For Hoxby.com co-CEO’s Alex Hirst and Lizzie Penny, a freelancer first orientation led them to formalize their philosophy of worklife balance and choice that they’ve called “workstyle.” Their philosophy, about to be published in book form, has generated a highly successful and collaborative freelance community.
G2i.co, led by Gabe Greenberg, has taken a different but equally impressive approach, using his own life experience as the foundation for building a mobile-focused tech freelance platform based on a philosophy of healthy work for freelancers and the platform team.
Glasgow based Gigged.ai is another freelancer first innovator: It uses AI to reinvent client project scoping and contracting. Gigged.ai tech has automated the process, and delivering project scopes that are more complete, realistic, and can be fairly priced. As CEO Rich Wilson explains, fixing this step means “We can close more deals faster, staff the project and start work sooner, and get freelancers paid more quickly.”
Indielist.ie founders Peter McPartin and Una Herlihy are investing in their local Irish community of marketing and creative freelancers by organizing regular meetups for education and camaraderie, offering financial advice services on tax matters and recently sponsoring a concert to raise money for the Ukrainian freelance community.
Silicon Valley based Contra.com CEO Ben Huffman, Hamburg based Vicoland.com CEO Hans Freyberg, and Copenhagen based Proteams.com’s leader Cem Ciftgul are all running platforms focused on helping freelancers form teams to more effectively collaborate in attracting larger projects and enterprise relationships.
Honeybook.com, led by founder Oz Alon, has established regular meet-ups in hundreds of cities where independent business entrepreneurs gather to learn, network, and support one another. Local chapters are led by an army of volunteer leaders and attendance is free for all independents. Omdena.com, an AI community committed to social action and founded by Rudradeb Mitra has similarly organized over 60 chapters.
Toptal.com, one of the earliest and best-known platforms, has never wavered from its philosophy that Toptal’s most important customers are its tech and finance freelancers. The company’s active community management team proactively brings together freelancers in meetups around the world, invests significantly in learning and development, and provides a range of help to freelancers in building their businesses and keeping them up to date.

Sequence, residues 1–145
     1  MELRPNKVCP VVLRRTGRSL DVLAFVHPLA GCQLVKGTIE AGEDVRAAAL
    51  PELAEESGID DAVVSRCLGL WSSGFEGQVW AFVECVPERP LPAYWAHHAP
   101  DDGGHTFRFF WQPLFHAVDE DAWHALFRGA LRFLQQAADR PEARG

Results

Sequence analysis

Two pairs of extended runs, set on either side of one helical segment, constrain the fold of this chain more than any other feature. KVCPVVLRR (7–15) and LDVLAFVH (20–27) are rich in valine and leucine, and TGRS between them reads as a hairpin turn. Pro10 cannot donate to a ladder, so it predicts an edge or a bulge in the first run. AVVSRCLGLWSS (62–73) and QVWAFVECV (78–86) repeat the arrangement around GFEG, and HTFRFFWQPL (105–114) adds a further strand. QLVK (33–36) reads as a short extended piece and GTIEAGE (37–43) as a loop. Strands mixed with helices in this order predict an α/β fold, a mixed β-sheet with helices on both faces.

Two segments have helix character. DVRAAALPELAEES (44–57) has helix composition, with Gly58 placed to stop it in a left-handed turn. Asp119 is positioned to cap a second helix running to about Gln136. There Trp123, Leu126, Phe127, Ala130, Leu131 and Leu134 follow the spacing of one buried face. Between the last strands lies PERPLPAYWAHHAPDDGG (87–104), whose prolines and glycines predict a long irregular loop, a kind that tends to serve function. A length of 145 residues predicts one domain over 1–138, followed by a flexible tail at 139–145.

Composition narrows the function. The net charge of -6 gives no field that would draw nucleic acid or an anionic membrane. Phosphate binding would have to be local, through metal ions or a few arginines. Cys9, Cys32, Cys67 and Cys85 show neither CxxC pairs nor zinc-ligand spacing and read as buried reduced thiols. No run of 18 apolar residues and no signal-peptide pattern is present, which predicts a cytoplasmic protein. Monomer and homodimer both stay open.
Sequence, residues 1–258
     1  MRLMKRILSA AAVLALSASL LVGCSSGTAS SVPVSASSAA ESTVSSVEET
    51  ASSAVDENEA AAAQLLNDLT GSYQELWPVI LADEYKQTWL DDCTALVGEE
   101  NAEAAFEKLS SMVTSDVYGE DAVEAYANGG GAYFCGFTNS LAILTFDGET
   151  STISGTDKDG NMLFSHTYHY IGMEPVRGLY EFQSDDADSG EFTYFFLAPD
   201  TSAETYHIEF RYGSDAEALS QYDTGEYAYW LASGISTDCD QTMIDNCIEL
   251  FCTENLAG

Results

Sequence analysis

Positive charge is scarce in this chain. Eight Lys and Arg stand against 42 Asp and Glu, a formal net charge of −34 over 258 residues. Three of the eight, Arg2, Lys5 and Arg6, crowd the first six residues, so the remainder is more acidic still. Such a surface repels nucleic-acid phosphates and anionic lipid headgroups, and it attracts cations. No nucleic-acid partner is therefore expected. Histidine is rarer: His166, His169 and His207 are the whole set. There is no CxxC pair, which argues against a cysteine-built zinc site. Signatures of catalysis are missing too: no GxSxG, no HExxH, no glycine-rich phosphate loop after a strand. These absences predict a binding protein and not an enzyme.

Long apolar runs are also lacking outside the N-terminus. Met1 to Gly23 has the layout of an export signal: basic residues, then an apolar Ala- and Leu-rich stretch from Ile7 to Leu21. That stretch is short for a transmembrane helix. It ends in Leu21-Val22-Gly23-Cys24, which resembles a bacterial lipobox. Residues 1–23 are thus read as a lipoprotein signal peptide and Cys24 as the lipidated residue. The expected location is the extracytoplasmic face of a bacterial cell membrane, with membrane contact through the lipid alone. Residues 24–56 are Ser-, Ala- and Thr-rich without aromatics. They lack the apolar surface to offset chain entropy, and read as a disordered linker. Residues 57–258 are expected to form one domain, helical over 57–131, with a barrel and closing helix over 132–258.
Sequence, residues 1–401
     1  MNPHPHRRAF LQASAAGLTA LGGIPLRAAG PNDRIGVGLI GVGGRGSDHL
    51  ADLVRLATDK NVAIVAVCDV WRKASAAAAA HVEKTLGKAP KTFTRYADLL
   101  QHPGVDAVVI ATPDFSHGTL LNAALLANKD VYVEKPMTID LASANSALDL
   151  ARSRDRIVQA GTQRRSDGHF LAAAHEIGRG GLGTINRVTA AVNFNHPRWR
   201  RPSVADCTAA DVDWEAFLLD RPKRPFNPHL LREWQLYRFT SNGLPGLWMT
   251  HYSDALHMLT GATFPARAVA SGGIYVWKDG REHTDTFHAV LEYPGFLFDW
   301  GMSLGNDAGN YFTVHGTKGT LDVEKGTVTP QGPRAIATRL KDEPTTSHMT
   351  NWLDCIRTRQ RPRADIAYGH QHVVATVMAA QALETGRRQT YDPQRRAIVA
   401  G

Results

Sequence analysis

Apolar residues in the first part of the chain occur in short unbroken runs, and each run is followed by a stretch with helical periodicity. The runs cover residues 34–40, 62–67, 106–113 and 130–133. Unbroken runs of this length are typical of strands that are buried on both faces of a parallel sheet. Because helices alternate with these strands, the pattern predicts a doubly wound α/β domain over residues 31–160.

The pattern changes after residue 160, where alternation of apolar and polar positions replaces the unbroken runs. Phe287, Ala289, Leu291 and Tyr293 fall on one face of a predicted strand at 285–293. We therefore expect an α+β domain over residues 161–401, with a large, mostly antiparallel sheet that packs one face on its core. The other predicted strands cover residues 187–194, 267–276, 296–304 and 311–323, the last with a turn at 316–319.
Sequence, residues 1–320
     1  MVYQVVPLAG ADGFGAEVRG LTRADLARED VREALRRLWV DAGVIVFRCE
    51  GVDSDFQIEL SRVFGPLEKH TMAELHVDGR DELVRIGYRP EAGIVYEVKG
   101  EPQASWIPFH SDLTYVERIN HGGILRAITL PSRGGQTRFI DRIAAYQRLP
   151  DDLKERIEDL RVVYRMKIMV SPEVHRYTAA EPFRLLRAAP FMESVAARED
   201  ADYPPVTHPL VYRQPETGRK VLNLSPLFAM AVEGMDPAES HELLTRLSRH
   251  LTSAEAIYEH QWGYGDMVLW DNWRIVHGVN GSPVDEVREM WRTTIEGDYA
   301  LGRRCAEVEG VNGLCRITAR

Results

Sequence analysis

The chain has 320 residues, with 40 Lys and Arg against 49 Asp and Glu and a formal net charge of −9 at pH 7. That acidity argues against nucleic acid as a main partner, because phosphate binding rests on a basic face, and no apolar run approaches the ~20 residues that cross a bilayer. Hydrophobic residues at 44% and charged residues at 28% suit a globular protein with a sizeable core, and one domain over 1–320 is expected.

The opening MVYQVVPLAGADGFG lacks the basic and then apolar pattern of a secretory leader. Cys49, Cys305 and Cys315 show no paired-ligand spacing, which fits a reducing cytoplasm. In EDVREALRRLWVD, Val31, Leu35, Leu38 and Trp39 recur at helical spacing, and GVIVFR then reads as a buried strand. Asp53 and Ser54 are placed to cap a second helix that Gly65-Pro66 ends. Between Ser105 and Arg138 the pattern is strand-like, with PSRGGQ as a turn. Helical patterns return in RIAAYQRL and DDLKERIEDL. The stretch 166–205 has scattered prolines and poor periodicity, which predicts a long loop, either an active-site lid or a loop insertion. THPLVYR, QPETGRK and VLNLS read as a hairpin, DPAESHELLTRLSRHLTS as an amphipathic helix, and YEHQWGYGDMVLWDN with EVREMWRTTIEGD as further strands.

Freelancebusiness.eu, a Belgian freelance community led by founder Elina Jutelyte is connecting freelancers globally, and leads an extraordinarily successful freelance education month, providing members with over 100 specific events by and for freelancers on a wide range of professional topics.
And that’s not all. We’re now seeing a larger ambition among many freelance platforms to grow national and regional support for the freelance revolution. A group of Spanish platforms organized by Outvise.com, a business tech marketplace are coming together as an “R-evolution Summit” this June to educate Spanish companies and policy makers about the freelance revolution, and collaboratively grow the Spanish market and reputation of Spanish freelancers.
In Latam, top freelance platforms came together with Mybasepay.com, a larger and fast-growing freelance management system led by CEO Cesar Jimenez, to create greater U.S. market opportunity for freelancers in Brazil, Argentina, Chile, Uruguay, and other countries.
We are seeing through these and other initiatives that the freelancer first movement is growing. In a particularly impressive initiative, Albert Azis-Clausen, the co-founder, and CEO of Underpinned.com, a fast-growing U.K. based platform, has created the Association for the Future of Work. Last week in London, a group of senior freelance entrepreneurs, investors, policy makers, politicians, future of work researchers and educators came together to identify critical challenges to the freelance revolution and take collective action. This association has plans to fund essential research in a variety of key areas, and lead an effort to educate government leaders on the policies needed for freelancing to flourish in the U.K.
It’s an extraordinary time in the freelance revolution. As economic and social challenges pile up, the result of a horrid pandemic that is still taking lives in many countries, a brutal war, and economic distress around the world, the leaders of the freelance community are stepping up to make life better for their freelance members and colleagues. That’s something to get excited about!
Viva la revolution!